From the Chastain Scrapbook:

The Democrat-Reporter went to press an hour too soon last week to give an account of the difficulty between William Wilkie and Jake Dooley, in Morgan township, on Monday of last week. Immediately after the encounter Dooley went home, changed horses and left the neighborhood. A warrant was issued and parties sent out to overtake and arrest him. He was captured a few miles this side of Centerville, brought back, taken before 'Squire Moore, waived examination and was delivered over to Sheriff Allen who brought him here and lodged him in jail. He does not deny the stabbing but says he did it after he had been struck at by Wilkie with a stick of wood. At last accounts Wilkie was reported much better, and it is thought will recover.

The following is the Lineville Tribune's account of the affair.

It appears that the difficulty grew out of an effort on the part of the Dooleys to gain possession of some of the personal property belonging to Mapes, estate, the charge of which had been given to Wilkie by the administrator, J. D. Petty By a succession of remarkable fatalities, all three of the adult members of the Mapes family have died since the beginning of winter, the old man in November, the old lady and widowed daughter, Mrs. Maggie Childs, last week, the former on Wednesday and the latter on Friday, leaving only two surviving children, a girl 16 years old and a boy 7 or 8, children of Mrs. Childs. Mrs. Dooley, mother of Jake, is a daughter of the Mapes. It is reported that Wilkie said at the burial of Mrs. Childs on Saturday that old Mrs. Dooley had made an effort to take away some clothing belonging to the Mapes, and this report coming to the knowledge of the Dooleys it appears that Jake was dispatched to make Wilkie retract the charge or punish him for making it. The encounter occurred in this w, as near as we can learn: Jake rode up to Wilkie, who was chopping wood in front of the house, and asked him if he had made the statement as above; Wilkie replied that he had, whereupon Dooley leaped from his horse and attacked him with his fists. After receiving two or three blows Wilkie clinched, threw Dooley and proceeded to pound him. At some time during the conflict Dooley had succeeded in drawing his knife and upon finding that Wilkie had got the better of him, proceeded to use it in a most desperate and savage manner. He inflicted three wounds on Wilkie, one in the thigh, one in the back, penetrating the left kidney, and a slight one on one cheek. On finding himself badly wounded, Wilkie, let go of Dooley and secured the axe, and thus armed made Dooley put up his knife, and leave the place. Dr. Glendenning who attended Wilkie, thinks the wound which penetrated the kidney will prove fatal, although there is a possibility of his recovery.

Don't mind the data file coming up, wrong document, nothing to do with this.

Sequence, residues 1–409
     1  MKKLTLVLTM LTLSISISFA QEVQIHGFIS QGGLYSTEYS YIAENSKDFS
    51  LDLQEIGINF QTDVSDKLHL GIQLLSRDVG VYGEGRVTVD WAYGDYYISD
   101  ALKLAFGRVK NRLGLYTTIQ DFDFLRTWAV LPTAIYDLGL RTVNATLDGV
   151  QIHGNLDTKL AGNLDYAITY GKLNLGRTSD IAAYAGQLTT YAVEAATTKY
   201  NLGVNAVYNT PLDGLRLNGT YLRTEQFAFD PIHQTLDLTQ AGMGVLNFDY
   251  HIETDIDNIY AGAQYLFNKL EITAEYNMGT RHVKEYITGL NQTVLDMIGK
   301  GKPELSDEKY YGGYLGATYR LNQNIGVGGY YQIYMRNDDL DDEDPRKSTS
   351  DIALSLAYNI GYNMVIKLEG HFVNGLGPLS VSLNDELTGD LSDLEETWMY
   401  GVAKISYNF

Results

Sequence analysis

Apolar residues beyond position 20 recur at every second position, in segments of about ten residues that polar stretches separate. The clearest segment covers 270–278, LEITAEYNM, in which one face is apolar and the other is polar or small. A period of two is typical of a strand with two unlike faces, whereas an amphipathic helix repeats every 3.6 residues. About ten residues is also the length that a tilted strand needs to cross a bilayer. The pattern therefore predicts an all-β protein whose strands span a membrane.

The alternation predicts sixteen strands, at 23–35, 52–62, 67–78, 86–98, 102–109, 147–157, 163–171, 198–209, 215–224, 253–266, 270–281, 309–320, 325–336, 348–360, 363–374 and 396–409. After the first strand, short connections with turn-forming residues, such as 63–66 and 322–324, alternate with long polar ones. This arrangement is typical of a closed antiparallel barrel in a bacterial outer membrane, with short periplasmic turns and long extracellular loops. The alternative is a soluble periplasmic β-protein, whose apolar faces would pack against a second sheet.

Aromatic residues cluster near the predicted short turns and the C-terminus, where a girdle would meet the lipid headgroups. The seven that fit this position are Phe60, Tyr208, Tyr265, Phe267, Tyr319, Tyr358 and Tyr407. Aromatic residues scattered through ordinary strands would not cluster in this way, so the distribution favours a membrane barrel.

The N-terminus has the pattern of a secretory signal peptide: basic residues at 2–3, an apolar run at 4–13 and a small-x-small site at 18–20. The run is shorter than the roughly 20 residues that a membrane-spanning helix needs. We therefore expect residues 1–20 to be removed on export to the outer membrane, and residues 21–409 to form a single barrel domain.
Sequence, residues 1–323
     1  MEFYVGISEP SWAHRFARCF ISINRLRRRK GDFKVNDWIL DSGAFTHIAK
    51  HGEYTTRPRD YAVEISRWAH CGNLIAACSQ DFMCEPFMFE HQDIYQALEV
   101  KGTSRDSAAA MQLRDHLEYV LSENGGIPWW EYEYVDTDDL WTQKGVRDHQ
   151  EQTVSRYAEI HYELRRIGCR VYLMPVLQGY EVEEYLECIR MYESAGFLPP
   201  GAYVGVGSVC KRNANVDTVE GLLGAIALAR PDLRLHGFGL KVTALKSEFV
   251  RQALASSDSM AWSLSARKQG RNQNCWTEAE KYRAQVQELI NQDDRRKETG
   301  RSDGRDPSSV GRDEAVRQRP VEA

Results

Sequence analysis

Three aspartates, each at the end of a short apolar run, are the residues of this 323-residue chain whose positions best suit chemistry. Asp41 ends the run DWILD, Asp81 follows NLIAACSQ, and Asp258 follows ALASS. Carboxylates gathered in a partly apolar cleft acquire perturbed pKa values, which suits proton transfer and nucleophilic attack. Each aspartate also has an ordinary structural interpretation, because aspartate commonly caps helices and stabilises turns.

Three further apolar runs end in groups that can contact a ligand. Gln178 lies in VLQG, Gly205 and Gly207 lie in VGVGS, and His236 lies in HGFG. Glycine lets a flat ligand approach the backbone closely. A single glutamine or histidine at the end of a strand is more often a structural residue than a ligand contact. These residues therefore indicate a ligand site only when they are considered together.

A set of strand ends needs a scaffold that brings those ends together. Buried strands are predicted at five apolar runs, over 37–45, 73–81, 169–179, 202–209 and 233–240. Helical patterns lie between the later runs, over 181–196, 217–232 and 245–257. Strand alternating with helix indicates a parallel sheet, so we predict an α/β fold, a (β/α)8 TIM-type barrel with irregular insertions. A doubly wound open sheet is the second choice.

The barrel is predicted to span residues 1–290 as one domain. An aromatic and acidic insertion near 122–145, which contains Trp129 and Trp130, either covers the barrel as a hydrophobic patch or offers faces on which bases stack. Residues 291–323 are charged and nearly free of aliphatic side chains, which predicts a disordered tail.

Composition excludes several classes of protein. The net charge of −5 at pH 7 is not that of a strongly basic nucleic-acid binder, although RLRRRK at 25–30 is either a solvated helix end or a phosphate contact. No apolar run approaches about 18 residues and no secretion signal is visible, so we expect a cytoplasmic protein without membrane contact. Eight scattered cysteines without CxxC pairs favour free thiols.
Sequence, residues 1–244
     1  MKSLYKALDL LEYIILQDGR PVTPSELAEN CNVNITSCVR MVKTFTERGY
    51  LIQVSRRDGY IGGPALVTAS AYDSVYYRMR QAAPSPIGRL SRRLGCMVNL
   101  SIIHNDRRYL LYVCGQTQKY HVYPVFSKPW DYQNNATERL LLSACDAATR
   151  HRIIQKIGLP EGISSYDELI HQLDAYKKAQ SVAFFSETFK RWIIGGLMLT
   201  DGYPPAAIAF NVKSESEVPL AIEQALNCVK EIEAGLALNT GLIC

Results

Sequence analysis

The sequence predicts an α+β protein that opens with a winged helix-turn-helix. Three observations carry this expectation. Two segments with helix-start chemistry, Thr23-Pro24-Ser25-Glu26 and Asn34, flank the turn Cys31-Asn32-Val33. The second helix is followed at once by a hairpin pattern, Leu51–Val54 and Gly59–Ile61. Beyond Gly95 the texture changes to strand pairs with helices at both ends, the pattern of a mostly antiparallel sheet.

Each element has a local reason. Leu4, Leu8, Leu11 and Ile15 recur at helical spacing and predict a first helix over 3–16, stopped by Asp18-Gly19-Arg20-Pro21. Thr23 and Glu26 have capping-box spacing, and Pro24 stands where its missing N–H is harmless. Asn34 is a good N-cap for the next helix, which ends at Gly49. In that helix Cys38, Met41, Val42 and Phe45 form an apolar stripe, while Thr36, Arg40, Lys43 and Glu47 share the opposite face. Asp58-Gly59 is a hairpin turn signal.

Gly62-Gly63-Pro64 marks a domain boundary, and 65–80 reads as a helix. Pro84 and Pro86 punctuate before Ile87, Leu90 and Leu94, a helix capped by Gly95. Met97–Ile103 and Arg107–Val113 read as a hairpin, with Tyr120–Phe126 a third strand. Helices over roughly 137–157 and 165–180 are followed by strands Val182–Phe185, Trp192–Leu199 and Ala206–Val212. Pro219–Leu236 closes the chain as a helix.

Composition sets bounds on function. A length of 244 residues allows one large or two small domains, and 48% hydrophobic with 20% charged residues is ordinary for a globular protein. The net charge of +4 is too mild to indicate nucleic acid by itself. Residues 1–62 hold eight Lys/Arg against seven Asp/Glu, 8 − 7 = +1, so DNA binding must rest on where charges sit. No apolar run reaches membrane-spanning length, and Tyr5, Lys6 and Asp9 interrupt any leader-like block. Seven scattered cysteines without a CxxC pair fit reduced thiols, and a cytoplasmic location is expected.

Copied by Judy Chastain
February 18, 2002

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